The pages below are initially ordered according to the dates on which they were added to the site (most recent first). The order can be changed by clicking on the symbol beside a column heading: click on the symbol beside "Page and summary" for alphabetical order; click beside "Categories" for the order in which the cases were reported. Click on the arrow symbol again to reverse the order. Click on a page name to view the relevant page.
|Page and summary||Date added to site||Categories
|R (MM) v SSWP (2013) EWCA Civ 1565, (2013) MHLO 132 — (1) The Court of Appeal upheld the Upper Tribunal's decision that the process for assessing eligibility for Employment Support Allowance (involving the claimant completing a questionnaire and attending a face to face interview) placed mental health patients at a 'substantial disadvantage' (under the Equality Act 2010) when compared with other claimants. (2) In relation to the proposal that obtaining further medical evidence in such cases would be a 'reasonable adjustment', the UT had adjourned for further evidence, directing the SSWP to investigate its reasonableness: the adjournment was lawful but the directions were quashed.
||2013-12-30||2013 cases, Brief summary, ICLR summary, Transcript, Welfare benefits cases|
|Obrey v SSWP (2013) EWCA Civ 1584, (2013) MHLO 129 — (1) The Upper Tribunal had not erred in law in finding that the cessation of Housing Benefit after 52 weeks as a hospital patient (which indirectly discriminated against the mentally ill) was justified . (2) The Court of Appeal discussed the limitations on appeals against the specialist Upper Tribunal.
||2013-12-30||2013 cases, Brief summary, Transcript, Welfare benefits cases|
|SSWP v Slavin (2011) EWCA Civ 1515 — 'The respondent is resident in a specialist care home for people with autistic spectrum disorders and similar conditions. The cost of his accommodation is paid for by the National Health Service. The home is registered as a care home, not a nursing home. Its staff are trained to meet the needs of residents but do not have any medical or nursing qualifications. The specific issue in the appeal is whether the respondent is "maintained free of charge while undergoing medical or other treatment as an in-patient … in a hospital or similar institution under [the National Health Service Act 2006]", within the meaning of reg. 12A of the Social Security (Disability Living Allowance) Regulations 1991, so as to be disentitled to receipt of the mobility component of disability living allowance for which he was a claimant.' [Summary required.]
||2011-12-10||2011 cases, No summary, Transcript, Welfare benefits cases|
|R (RJM) v SSWP (2007) EWCA Civ 614 — "For the reasons I have given I would hold that the right to IS is a possession within A1P1 but that RJM's appeal must be dismissed because a person without accommodation does not have an "other status" within the meaning of Article 14 of the Convention. If, contrary to that view, RJM does have such a status, the refusal to pay DP to those who do not have accommodation is not unlawful under the Convention because the Secretary of State has justified their differential treatment. I would therefore dismiss the appeal." [Summary required.]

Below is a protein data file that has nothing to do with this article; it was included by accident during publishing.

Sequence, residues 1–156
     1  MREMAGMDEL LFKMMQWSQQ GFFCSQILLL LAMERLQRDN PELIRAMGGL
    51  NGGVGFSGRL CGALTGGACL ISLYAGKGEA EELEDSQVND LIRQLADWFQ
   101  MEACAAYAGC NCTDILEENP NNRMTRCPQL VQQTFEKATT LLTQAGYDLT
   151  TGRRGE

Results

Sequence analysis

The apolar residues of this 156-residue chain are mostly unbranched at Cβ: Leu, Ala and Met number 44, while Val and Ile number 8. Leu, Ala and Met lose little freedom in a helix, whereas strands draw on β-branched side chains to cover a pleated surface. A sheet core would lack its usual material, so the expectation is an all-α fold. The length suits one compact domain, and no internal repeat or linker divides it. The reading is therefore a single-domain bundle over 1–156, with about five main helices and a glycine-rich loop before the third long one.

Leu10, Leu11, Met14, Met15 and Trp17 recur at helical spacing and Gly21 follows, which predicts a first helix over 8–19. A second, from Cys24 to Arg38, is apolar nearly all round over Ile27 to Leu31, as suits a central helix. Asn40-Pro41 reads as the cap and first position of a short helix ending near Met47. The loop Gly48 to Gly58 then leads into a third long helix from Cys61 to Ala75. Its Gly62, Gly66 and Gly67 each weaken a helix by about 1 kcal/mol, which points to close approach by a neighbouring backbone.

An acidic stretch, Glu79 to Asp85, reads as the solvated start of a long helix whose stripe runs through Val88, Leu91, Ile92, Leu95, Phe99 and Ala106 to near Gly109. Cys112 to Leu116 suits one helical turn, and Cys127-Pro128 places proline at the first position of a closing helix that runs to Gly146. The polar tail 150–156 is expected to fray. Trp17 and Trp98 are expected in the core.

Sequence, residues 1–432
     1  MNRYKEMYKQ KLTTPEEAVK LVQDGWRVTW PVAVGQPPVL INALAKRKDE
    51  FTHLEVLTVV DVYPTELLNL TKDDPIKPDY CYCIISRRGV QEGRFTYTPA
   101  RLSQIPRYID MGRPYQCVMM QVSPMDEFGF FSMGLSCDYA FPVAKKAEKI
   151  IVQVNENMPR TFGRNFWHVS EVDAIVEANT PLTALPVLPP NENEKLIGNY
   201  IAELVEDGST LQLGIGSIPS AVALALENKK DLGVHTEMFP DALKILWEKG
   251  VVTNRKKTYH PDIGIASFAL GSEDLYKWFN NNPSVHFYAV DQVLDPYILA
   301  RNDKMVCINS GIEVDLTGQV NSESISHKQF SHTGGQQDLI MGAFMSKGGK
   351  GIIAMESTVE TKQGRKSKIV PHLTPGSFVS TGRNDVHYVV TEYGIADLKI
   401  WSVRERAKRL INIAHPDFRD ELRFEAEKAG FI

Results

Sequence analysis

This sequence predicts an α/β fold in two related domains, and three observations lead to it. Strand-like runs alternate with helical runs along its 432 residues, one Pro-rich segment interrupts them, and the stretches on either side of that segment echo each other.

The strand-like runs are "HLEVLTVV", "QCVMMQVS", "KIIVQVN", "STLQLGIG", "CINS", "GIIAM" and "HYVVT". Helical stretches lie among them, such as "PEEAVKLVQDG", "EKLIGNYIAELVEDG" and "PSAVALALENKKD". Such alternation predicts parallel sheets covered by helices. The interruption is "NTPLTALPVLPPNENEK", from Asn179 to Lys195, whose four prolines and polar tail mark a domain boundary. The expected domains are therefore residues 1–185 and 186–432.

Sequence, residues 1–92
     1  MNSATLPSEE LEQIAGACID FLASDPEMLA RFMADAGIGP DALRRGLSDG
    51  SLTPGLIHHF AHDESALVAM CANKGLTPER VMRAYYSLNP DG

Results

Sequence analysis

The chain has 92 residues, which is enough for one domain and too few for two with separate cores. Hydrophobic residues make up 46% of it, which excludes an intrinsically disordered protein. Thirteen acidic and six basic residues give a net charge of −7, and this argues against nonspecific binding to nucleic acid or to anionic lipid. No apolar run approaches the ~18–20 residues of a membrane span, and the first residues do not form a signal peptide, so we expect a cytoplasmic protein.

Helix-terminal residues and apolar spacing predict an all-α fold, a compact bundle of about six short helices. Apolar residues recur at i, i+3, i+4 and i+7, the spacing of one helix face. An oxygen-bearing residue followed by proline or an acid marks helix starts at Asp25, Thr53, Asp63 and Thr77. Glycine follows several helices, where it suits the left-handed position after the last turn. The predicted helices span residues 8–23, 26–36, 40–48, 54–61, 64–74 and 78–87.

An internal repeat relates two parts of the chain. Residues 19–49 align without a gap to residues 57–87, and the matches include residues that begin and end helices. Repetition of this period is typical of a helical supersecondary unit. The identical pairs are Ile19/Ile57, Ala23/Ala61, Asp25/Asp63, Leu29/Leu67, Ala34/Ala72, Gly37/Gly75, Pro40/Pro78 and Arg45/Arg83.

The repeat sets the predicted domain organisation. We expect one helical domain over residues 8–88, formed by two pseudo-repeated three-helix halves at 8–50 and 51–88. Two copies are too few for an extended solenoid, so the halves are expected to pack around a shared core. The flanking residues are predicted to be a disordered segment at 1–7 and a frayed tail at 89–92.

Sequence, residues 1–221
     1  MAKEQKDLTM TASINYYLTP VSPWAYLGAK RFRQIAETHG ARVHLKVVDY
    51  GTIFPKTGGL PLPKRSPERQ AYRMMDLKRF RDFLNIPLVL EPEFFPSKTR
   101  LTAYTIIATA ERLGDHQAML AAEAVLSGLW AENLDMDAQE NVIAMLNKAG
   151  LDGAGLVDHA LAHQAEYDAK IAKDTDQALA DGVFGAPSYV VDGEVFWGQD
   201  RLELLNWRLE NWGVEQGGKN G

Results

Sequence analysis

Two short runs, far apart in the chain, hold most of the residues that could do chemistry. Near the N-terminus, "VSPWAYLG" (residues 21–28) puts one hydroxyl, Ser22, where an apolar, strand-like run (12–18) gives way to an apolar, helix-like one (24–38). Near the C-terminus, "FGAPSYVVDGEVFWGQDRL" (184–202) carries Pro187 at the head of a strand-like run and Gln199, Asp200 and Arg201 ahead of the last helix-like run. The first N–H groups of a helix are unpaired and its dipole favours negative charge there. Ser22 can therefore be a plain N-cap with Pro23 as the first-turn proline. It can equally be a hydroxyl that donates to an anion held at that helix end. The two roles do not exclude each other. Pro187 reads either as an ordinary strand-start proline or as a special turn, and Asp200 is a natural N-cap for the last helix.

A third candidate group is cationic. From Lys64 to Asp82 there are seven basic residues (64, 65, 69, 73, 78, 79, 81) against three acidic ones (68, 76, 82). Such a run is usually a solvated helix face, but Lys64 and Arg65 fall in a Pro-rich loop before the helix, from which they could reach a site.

||2010-08-07||2007 cases, No summary, Transcript, Welfare benefits cases|
|R (D and M) v SSWP (2010) EWCA Civ 18 — (1) That prisoners detained under s47, s47/49 or s45A, in contrast with civil patients or hospital order patients, receive no welfare benefits until their release date is not unlawful discrimination under Article 14 taken with A1P1. (2) On a proper construction of the statutory language, lifers detained under the MHA are entitled to Income Support or State Pension Credit when they reach their tariff expiry date. [Caution.]
||2010-01-27||2010 cases, Detailed summary, ICLR summary, Transcript, Welfare benefits cases|
|R (EM) v SSWP (2009) EWHC 454 (Admin) — The Regulations which deprive of welfare benefits transferred prisoners (s47/49 and s45A patients until they would be entitled to release if in prison) are lawful; this is because there is enough of a relevant difference between them and civil/s37 patients to justify different treatment (i.e. they have been sentenced to a term of imprisonment to which they remain subject); in general, this applies all determinate and indeterminate sentence prisoners, including post-tariff lifers, technical lifers being the only exception because they had not been considered when the Regulations were drawn up and there is not enough of a relevant difference present.
||2009-03-13||2009 cases, Brief summary, Transcript, Welfare benefits cases|
|R (RD) v SSWP (2008) EWHC 2635 (Admin) — Post-tariff lifers who have been transferred to hospital are not entitled to receive Income Support.
||2008-11-24||2008 cases, Brief summary, Transcript, Welfare benefits cases|
|Stec v UK 65731/01 (2006) ECHR 393 — Judgment of Grand Chamber. State benefits, Article 1 of Protocol No 1 & Article 14.
||2008-11-24||2006 cases, ECHR, No summary, Transcript, Welfare benefits cases|
|Stec v UK 65731/01 (2005) ECHR 924 — Admissibility decision. State benefits, Article 1 of Protocol No 1 & Article 14.
||2008-11-24||2005 cases, ECHR, No summary, Transcript, Welfare benefits cases|
|R (RJM) v SSWP (2008) UKHL 63 — Social welfare payments come within the scope of Article 1 Protocol 1; homelessness is an "other status" under Article 14; depriving the homeless of disability premiums was justified; the Court of Appeal is free (but not obliged) to follow an ECtHR decision rather than a previous inconsistent CA decision, but (absent wholly exceptional circumstances) must follow any previous House of Lords decision.
||2008-11-23||2008 cases, Brief summary, Transcript, Welfare benefits cases|